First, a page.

But I do love boxing, it has done so much to strengthen my body, my mind and my spirit—it has honestly done the most amazing things for me. Most people think that it’s just a barbaric sport where two people are pounding the crap out of each other, but that’s a very small part of it. I look at it this way: In order to be a champion, you have to be in the gym, work hard, eat right, sleep right, and take care of yourself— and that includes your emotional and your mental state. If that’s not there, you start to get into serious trouble. To take care of yourself, to nurture your limits and push your limits, but also pull back when you’re going too hard… having that in my head has helped me so, so much.”
The mental part is the biggest part. What else do you do to make sure that’s covered?
“I try to exercise as much as possible, but I don’t kill myself. I did for a bit, until I realized how much it was bringing me down; I wasn’t listening to my body and my spirit. I also only surround myself with people I like and people who like me. If you don’t fit in those categories, you got to go! People think that I’m so strong and so confident, and on one hand, I am. On the other hand, I could be easily wounded emotionally. That I have to take care of. Part of me taking care of that is not having that negativity around me. Not having people who have an agenda consciously or subconsciously to just throw daggers my way.”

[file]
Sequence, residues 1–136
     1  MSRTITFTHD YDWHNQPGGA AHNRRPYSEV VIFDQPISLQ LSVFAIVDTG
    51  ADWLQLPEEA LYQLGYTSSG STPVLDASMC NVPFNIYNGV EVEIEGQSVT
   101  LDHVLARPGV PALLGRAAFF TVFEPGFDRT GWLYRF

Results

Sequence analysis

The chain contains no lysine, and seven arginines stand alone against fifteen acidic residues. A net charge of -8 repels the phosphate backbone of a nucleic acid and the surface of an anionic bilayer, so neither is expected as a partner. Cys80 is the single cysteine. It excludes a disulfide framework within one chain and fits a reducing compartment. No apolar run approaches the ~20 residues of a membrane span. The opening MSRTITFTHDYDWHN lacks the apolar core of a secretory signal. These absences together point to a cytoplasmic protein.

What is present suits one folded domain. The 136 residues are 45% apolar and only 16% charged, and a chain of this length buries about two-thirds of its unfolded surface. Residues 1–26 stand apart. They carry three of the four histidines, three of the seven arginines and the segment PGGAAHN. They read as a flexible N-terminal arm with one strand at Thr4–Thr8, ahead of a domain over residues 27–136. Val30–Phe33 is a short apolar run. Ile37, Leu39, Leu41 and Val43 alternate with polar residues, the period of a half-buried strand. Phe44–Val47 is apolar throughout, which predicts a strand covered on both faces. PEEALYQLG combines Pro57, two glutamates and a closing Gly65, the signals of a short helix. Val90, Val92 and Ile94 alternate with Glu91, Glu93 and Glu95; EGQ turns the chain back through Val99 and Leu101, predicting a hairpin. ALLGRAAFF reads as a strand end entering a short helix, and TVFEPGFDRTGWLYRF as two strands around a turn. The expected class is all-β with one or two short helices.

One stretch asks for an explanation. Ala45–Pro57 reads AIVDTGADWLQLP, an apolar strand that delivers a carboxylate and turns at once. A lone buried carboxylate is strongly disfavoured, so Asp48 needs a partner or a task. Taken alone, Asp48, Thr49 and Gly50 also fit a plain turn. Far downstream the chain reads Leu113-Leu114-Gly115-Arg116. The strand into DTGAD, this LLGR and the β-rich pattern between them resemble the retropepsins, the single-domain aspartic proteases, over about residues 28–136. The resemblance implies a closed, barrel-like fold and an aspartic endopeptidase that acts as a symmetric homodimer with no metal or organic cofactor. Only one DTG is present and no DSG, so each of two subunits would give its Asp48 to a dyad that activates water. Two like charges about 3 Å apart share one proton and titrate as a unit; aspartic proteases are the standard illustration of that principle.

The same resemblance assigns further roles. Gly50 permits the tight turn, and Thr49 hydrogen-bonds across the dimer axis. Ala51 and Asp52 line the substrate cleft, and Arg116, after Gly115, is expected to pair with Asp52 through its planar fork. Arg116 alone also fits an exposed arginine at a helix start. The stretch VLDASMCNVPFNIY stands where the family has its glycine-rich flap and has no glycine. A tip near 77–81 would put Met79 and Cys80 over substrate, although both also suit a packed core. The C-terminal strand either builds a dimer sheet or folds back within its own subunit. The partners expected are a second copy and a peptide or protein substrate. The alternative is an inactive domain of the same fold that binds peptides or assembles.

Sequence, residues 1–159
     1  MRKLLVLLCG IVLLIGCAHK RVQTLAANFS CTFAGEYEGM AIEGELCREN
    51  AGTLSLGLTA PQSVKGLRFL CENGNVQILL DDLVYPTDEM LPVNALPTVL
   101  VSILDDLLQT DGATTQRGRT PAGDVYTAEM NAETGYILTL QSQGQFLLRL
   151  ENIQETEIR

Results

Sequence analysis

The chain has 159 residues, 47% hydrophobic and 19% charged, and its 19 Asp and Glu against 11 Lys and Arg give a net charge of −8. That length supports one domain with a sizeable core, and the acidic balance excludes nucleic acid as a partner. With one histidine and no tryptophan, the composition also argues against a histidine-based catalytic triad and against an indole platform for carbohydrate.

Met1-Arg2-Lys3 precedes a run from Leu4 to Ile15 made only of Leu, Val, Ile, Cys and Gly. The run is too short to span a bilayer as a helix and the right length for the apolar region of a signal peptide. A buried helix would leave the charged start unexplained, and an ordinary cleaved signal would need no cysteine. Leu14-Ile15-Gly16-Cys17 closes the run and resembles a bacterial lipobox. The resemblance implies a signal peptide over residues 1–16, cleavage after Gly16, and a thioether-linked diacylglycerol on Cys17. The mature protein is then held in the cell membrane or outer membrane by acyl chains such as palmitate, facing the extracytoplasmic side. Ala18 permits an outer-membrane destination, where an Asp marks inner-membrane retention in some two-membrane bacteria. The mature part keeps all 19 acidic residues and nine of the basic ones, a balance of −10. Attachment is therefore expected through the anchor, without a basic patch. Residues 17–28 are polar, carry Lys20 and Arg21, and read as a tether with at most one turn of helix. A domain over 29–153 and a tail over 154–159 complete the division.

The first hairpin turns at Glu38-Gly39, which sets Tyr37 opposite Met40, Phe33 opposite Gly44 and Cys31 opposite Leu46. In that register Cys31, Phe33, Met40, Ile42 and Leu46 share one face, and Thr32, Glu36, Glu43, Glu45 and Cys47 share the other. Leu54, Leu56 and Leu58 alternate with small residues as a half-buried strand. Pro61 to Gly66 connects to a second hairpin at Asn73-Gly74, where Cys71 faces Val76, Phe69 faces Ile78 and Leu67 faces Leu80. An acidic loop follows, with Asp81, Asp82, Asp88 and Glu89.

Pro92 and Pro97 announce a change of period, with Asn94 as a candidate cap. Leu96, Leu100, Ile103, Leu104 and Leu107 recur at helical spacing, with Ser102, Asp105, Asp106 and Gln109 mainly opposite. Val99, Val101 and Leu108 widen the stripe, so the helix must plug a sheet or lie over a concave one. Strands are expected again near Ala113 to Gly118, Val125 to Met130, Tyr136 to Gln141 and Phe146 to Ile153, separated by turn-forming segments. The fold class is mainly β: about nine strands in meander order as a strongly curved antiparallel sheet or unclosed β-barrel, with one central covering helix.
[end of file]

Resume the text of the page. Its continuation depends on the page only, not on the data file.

A good life policy.
“I also go to therapy. I’ve been in therapy for years and years, mainly because there was a point in my life where everything was going great, but I didn’t like the person I was. I was like, ‘Why am I so weird when I go out? Why do people think I’m an enigma? Why don’t I have good relationships? Why do I lose my temper so quickly? Why do I get hurt so easily?’ There were so many things about myself that I didn’t understand because it seemed like I had all the confidence, all the ambition and all the drive in the world, yet things didn’t add up with how I was feeling. I’m telling you, therapy works.”